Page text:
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Tuesday, Dec. 12, 2023

Year-End City Matters


Budget decisions, crime are top priorities

As 2023 draws to a close, it is a time of great expectation. It is a time of great anticipation, too. That’s how Shreveport Mayor Tom Arceneaux felt last week as he looked ahead to the remainder of this year.

The Shreveport City Council is expected to pass the 2024 budget at its meeting this week. The council is also expected to approve the lease of the former Millennium Studios building to Curtis “50 Cent” Jackson and his G-Unity production company.

Also, the Citizens Capital Improvements study committee is expected to complete its list of projects for bond proposals to be put on an upcoming ballot to fund capital improvement projects in the city.

But Arceneaux was not sitting idle, just waiting to see what would transpire.

“I am meeting with council members about budget issues,” he said last week. “Water rate increases, the additional garbage fee, which could end up being called something else. I still think we will do the deal with 50 Cent. But the city will pass a budget.”

The mayor also is considering the public safety issue of crime in Shreveport, particularly violent crimes.

“I am as concerned as anyone else about crime, and we are taking actions to prevent crime to the extent that we can,” he said. “Most of our job is apprehending criminals. We are usually not in a position, and if we had twice the number of police officers we have, we would not be in a position to be in place to prevent most of the homicides and other violent criminal acts that have occurred during this year.”

Arceneaux said he would prefer to be in a more preventive mode.

“I wish that weren’t the case. I wish we had more intelligence sources ahead of time to know when these things are going to occur,” he said. “I am aware that our intelligence did prevent one serious incident that I am not going to describe. Our intelligence was accurate, and we probably were able to prevent several homicides as a result of action by the Shreveport Police Department.”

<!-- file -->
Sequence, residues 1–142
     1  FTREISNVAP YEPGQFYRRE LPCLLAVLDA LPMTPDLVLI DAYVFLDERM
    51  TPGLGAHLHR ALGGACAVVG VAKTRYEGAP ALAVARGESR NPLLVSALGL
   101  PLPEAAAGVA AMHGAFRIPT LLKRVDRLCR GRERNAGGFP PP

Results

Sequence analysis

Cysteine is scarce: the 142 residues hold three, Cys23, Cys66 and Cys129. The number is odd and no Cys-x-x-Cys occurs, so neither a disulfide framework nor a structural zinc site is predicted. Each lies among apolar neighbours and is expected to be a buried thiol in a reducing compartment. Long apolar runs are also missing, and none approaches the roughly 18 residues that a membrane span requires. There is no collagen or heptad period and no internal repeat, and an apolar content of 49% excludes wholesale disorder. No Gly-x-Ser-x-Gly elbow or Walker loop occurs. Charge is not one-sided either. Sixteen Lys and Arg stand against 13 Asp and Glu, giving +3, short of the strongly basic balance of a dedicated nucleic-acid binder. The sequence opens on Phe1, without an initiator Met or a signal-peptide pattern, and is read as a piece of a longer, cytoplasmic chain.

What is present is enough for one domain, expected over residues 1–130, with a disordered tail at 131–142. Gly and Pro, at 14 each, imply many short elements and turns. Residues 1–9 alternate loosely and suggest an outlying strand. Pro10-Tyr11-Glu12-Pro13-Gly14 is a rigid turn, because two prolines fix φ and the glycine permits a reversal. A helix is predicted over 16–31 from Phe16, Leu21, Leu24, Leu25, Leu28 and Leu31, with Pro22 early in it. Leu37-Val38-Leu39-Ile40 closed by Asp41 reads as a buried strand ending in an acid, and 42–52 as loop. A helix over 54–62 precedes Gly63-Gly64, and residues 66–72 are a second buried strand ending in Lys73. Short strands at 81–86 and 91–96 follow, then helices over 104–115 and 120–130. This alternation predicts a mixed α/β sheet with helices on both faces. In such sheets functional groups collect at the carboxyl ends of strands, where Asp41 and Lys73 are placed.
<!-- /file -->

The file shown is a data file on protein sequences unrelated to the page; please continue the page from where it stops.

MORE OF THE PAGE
He said he is glad Shreveport police do not fight crime in a bubble.

“We are in total cooperation with the sheriff’s office, the district attorney’s office, the U.S. attorney’s office, the FBI, the DEA and the Louisiana State Police,” Arceneaux said. “That is ongoing. It’s something we do every day.”

Arceneaux added that his budget priorities reflect his desire to stay vigilant in fighting crime, including retaining police officers.

“We are doing everything we having within our power to combat crime,” he said. “But most of what we do is investigate crimes that have already happen. We continue to do that. We have the resources to do that. We are seeking additional resources. Some of that is a long-term issue, and we are proposing some retention and increase in pay.”

Like other matters in the city, what can be done for the police department will depend on what happens with the budget. That could lead to some tough decisions being made, the mayor said.

“Some of that is going to be determined by budget decisions,” Arceneaux said.

“We will find out how those go. If we want to devote more resources to police, we are going to have to increase our revenues. I have proposed that in hoped that the council will support it. If the council does not support it, then I am going to have to make some very difficult decisions that are not in line with my personal priorities. And that’s how that’s going to go.”


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